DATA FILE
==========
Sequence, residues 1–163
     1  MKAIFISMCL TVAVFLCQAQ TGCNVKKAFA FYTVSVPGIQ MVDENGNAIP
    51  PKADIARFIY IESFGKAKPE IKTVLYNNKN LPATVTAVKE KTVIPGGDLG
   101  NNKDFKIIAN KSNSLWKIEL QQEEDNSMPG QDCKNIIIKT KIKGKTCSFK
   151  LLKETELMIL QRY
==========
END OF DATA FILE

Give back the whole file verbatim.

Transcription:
Sequence, residues 1–163
     1  MKAIFISMCL TVAVFLCQAQ TGCNVKKAFA FYTVSVPGIQ MVDENGNAIP
    51  PKADIARFIY IESFGKAKPE IKTVLYNNKN LPATVTAVKE KTVIPGGDLG
   101  NNKDFKIIAN KSNSLWKIEL QQEEDNSMPG QDCKNIIIKT KIKGKTCSFK
   151  LLKETELMIL QRY